and functional characterization of Alzheimer’s disease: evidence
for a relationship between default activity, amyloid, and memory.
J Neurosci 2005;25:7709–7917.
Holmes C, Boche D, Wilkinson D, et al. Long-term effects of
Abeta42 immunisation in Alzheimer’s disease: follow-up of a randomised, placebo-controlled phase I trial. Lancet 2008;372:
Engler H, Forsberg A, Almkvist O, et al. A Two-year follow-up of
amyloid deposition in patients with Alzheimer’s disease. Brain
Jack CR Jr, Lowe VJ, Weigand SD, et al. Serial PIB and MRI in
normal, mild cognitive impairment and Alzheimer’s disease: implications for sequence of pathological events in Alzheimer’s disease. Brain 2009;132:355–365.
Andrews-Hanna JR, Snyder AZ, Vincent JL, et al. Disruption of largescale brain systems in advanced aging. Neuron 2009;56:924–935.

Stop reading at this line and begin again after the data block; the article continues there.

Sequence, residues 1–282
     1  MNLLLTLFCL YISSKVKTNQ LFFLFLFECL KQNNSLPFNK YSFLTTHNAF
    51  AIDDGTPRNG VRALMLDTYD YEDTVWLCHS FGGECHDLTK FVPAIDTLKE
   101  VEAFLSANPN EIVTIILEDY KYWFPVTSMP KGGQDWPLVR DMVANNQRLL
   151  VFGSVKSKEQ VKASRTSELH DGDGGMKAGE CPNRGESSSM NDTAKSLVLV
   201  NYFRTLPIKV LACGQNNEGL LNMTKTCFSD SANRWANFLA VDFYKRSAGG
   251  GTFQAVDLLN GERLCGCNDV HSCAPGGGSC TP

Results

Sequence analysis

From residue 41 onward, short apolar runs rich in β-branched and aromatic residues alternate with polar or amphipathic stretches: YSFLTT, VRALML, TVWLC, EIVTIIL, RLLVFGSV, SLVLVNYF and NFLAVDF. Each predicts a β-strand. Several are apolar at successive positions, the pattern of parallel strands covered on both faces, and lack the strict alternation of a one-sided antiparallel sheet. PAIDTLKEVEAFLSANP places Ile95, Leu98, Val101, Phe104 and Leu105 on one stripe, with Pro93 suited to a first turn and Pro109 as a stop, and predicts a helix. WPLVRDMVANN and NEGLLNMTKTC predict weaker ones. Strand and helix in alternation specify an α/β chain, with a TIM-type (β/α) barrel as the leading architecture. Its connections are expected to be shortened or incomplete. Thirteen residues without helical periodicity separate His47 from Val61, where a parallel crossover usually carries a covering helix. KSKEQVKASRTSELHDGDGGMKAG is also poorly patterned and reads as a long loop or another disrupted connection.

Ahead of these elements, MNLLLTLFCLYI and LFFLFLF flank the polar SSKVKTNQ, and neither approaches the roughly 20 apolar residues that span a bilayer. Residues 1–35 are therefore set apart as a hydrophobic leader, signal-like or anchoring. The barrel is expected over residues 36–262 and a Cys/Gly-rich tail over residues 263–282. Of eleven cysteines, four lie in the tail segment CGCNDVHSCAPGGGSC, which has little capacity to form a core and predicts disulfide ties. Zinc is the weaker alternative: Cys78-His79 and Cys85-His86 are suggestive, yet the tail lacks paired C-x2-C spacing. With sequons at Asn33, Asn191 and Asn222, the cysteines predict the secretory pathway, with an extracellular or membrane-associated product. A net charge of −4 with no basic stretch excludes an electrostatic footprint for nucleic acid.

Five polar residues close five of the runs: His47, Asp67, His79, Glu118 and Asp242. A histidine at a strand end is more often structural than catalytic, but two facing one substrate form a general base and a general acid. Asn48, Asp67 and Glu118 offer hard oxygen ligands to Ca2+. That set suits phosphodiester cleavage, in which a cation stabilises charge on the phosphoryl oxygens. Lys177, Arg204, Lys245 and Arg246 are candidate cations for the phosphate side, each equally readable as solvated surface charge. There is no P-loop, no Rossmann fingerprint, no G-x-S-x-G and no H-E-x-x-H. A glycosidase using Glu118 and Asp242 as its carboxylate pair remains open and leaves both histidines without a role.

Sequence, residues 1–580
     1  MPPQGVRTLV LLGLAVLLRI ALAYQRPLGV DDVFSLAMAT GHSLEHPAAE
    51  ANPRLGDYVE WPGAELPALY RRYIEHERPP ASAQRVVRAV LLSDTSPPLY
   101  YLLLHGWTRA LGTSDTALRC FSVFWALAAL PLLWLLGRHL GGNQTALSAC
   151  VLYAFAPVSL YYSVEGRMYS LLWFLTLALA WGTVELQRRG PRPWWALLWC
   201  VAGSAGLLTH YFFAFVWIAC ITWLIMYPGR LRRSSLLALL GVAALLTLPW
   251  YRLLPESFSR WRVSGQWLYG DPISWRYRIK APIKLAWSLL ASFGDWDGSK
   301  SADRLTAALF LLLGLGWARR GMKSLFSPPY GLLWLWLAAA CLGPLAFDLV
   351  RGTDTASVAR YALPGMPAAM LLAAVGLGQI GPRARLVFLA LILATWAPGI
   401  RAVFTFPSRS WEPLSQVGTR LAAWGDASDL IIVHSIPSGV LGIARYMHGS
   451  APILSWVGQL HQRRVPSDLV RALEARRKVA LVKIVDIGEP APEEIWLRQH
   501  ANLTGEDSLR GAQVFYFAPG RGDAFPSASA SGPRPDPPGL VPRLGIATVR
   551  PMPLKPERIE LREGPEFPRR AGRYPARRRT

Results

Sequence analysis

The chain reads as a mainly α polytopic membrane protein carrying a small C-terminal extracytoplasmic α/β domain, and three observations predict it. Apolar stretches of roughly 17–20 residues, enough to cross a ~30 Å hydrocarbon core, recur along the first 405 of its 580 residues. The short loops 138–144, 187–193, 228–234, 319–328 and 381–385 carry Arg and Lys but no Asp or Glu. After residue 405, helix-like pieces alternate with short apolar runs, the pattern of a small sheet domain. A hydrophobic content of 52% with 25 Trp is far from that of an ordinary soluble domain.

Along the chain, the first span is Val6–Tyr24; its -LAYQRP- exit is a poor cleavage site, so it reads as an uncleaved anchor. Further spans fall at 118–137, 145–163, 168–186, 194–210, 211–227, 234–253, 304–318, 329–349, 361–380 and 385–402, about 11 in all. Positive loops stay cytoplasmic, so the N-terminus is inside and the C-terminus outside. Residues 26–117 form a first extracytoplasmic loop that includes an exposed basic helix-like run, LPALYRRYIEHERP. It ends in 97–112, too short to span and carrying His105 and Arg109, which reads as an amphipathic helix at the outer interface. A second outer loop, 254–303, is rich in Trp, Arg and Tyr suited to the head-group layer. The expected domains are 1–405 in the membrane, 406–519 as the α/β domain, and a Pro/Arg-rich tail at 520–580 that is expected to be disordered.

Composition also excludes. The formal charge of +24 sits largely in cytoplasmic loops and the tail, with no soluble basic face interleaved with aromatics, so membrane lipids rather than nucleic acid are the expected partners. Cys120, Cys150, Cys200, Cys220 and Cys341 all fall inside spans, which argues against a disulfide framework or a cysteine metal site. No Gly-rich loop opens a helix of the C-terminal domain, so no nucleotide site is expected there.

Sperling RA, Laviolette PS, O’Keefe K, et al. Amyloid deposition is
associated with impaired default network function in older persons
without dementia. Neuron 2009;63:178–188.
Raichle ME, MacLeod AM, Snyder AZ, et al. A default mode of
brain function. Proc Natl Acad Sci USA 2001;98:676–682.
Greicius MD, Srivastava G, Reiss AL, Menon V. Default-mode network
activity distinguishes Alzheimer’s disease from healthy aging: evidence
from functional MRI. Proc Natl Acad Sci USA 2004;101:4637–4642.
Buckner RL, Andrews-Hanna JR, Schacter DL. The brain’s default
network: anatomy, function, and relevance to disease [review].
Ann N Y Acad Sci 2008;1124:1–38.
Miller SL, Celone K, DePeau K, et al. Age-related memory impairment associated with loss of parietal deactivation but preserved
hippocampal activation. Proc Natl Acad Sci USA 2008;105:
Querfurth HW, LaFerla FM. Alzheimer’s disease. N Engl J Med
Palop JJ, Mucke L. Synaptic depression and aberrant excitatory
network activity in Alzheimer’s disease: two faces of the same
coin? Neuromolecular Med 2010;12:48–55.
Seeley WW, Crawford RK, Zhou J, et al. Neurodegenerative diseases target large-scale human brain networks. Neuron 2009;62:
Sperling RA, Dickerson, BC, Pihlajamaki M, et al. functional alterations in memory networks in early Alzheimer’s disease. Neuromolecular Med 2010;12:27–43.